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Industry Group Offers Advice On DKIM Verification Keys

After several major organizations were found to be using shorter-than-recommended encryption keys to authenticate their messages, an industry group recommended organizations replace keys immediately.

After several major organizations were found to be using shorter-than-recommended encryption keys to authenticate their messages, an industry group recommended organizations replace keys immediately.

DKIM Best PracticesThe Messaging, Malware and Mobile Anti-Abuse Working Group (M3AAWG ) has recommended that organizations using DomainKeys Identified Mail verification (DKIM) keys switch 512-bit and 718-bit encryption keys with keys 1024-bits or higher to make it harder for attackers to crack. Organizations who use DKIM verification keys were urged to replace all keys shorter than the recommended 1024-bits, M3WAAG wrote in “Best Practices for Implementing DKIM To Avoid Key Length Vulnerability.”

As SecurityWeek reported last month, a researcher discovered that Google, Yahoo, Twitter, Amazon, eBay, Microsoft, and other tech giants were using keys shorter than the recommended 1024-bits. Some, such as Yahoo, Twitter, and Amazon, were using 512-bits and HSBC, LinkedIn, and PayPal were using 768-bits.

The finding prompted US-CERT to issue a warning to organizations using DKIM to harden their keys and configure production servers to not use, or allow, testing mode, to prevent domain name spoofing.

“Technology is advancing, and to keep pace with hackers, the industry needs to revisit its practices in light of their expanding capabilities,” Chris Roosenraad, co-chairman of M3AAWG, said in a statement.

DKIM was originally developed as a mechanism for domains to sign messages sent from authorized servers so receiving domains could verify the messages were sent legitimately. The signature associated with the message takes a cryptographic hash of the message using the SHA-256 hash and RSA public key encryption scheme, and cannot be altered while going from one server to another. This means criminals have a harder time crafting messages that look as if they were sent by a legitimate company.

Organizations are at risk with short keys because the cheap availability of high-speed computing resources means attackers increasingly have the means to crack sensitive encryption keys. These shorter keys can be cracked using dedicated servers available through Amazon Web Services fairly cheaply, for example. Shorter keys can be cracked in 72 hours using “inexpensive” cloud services, according to M3WAAG.

Organizations should also rotate keys quarterly, and set signatures to expire after the key rotation period and revoke old keys in the Domain Name System records, M3WAAG wrote in the paper. Even if the company issues new keys, if the older, shorter, more vulnerable DKIM key is still listed in the domain’s DNS record, an attacker can still exploit that weaker key to send email. Organizations have to remove the weaker key entirely from DNS to fight domain spoofing.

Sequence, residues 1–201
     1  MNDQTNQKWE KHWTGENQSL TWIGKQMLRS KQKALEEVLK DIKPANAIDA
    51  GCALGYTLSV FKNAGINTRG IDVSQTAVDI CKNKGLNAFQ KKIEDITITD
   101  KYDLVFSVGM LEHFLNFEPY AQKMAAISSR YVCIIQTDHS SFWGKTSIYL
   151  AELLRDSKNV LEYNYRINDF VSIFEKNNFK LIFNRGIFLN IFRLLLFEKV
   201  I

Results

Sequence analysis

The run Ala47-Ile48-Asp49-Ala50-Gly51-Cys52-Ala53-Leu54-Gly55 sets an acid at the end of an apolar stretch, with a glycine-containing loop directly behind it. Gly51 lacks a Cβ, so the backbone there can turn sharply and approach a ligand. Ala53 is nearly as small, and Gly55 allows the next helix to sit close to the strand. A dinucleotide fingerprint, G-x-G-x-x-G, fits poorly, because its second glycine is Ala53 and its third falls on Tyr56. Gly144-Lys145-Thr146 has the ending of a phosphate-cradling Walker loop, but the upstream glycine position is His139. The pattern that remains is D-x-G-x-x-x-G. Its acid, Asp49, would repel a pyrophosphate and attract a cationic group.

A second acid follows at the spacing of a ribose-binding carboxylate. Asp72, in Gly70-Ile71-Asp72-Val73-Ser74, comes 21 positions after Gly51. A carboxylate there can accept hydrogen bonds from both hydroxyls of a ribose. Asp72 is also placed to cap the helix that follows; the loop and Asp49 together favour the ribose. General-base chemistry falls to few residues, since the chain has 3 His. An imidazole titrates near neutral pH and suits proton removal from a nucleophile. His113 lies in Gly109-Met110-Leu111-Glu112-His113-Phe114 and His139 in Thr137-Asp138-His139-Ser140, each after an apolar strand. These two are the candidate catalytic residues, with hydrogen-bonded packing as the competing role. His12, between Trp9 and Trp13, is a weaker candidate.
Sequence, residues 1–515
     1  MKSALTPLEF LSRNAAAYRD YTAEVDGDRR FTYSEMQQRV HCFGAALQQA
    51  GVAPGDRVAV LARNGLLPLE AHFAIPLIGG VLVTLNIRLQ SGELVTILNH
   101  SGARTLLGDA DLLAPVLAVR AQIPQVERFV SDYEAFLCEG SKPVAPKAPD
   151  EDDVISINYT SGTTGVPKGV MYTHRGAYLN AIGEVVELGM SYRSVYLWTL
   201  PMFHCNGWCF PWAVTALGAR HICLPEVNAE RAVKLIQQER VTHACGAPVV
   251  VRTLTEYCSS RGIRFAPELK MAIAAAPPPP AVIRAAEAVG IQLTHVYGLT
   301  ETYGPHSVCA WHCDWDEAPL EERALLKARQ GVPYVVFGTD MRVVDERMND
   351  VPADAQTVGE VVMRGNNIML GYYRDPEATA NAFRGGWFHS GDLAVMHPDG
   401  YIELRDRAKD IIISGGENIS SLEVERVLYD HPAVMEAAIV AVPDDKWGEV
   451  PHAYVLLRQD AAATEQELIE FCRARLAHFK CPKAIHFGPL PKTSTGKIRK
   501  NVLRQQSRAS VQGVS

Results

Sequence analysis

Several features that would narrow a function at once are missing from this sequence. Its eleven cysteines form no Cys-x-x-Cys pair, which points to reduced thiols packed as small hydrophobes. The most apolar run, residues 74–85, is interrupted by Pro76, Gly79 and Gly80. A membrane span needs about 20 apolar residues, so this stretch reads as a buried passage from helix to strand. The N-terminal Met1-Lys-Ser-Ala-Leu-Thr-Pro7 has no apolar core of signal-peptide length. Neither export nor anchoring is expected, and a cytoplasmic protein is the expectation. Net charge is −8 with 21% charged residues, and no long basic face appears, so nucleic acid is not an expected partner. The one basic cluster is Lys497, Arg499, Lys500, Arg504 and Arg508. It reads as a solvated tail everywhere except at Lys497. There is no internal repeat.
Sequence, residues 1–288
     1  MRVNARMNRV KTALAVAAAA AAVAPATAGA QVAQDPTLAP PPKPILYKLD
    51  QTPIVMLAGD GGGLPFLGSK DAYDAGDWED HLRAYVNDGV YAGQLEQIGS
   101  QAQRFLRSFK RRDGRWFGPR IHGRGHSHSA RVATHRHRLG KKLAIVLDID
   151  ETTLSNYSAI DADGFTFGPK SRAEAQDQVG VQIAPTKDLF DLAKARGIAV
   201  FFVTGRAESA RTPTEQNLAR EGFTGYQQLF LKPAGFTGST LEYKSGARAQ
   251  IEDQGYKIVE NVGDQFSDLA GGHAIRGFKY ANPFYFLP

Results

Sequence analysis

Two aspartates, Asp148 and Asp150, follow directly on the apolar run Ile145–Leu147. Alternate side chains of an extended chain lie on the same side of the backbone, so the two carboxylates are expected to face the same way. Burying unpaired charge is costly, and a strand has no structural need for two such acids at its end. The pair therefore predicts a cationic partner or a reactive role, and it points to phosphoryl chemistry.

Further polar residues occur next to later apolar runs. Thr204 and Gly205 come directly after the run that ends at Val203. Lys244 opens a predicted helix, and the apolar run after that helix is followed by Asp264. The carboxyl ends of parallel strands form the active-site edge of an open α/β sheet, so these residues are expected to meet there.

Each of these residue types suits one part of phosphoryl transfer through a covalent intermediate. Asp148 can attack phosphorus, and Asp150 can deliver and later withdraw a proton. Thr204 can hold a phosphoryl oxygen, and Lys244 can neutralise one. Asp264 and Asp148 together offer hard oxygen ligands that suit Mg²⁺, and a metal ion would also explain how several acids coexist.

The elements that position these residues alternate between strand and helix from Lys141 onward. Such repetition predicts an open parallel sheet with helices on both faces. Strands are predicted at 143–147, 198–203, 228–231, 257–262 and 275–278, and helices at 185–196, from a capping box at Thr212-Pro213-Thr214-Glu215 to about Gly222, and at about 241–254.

This is a big problem for organizations that outsource some, if not all, their email communications to third-party email service providers. Organizations have to ensure the providers are also revoking the too-short keys and removing the older keys from DNS to prevent spoofing attempts.

Organizations who are still using Domain Keys should switch to the newer DKIM protocol. The test mode should be used only for a short time period, and revoke the test key only during the initial ramp-up to using DKIM, M3WAAG said.

The paper “explains the relatively simple and immediate steps large-scale senders can take to safeguard their brands in response to recent concerns about some levels of key encryption and usage,” Roosenraad said.

M3WAAG also recommended implementing Domain-based Message Authentication, Reporting and Conformance in monitoring mode and use DNS to monitor how frequently the keys are being queried. The DMARC standard provides organizations with policy management reporting capabilities for DKIM. Mail recipients don’t currently have a reliable way to know how the mail sender is using SPF and DKIM to authenticate their servers. DMARC addresses that gap so that organizations can distinguish legitimate unauthenticated messages from fraudulent or malicious ones. Domain owners can also request all illegitimate messages be rejected outright under DMARC.

Related: Lessons From the Recent DKIM Mail Verification Vulnerability

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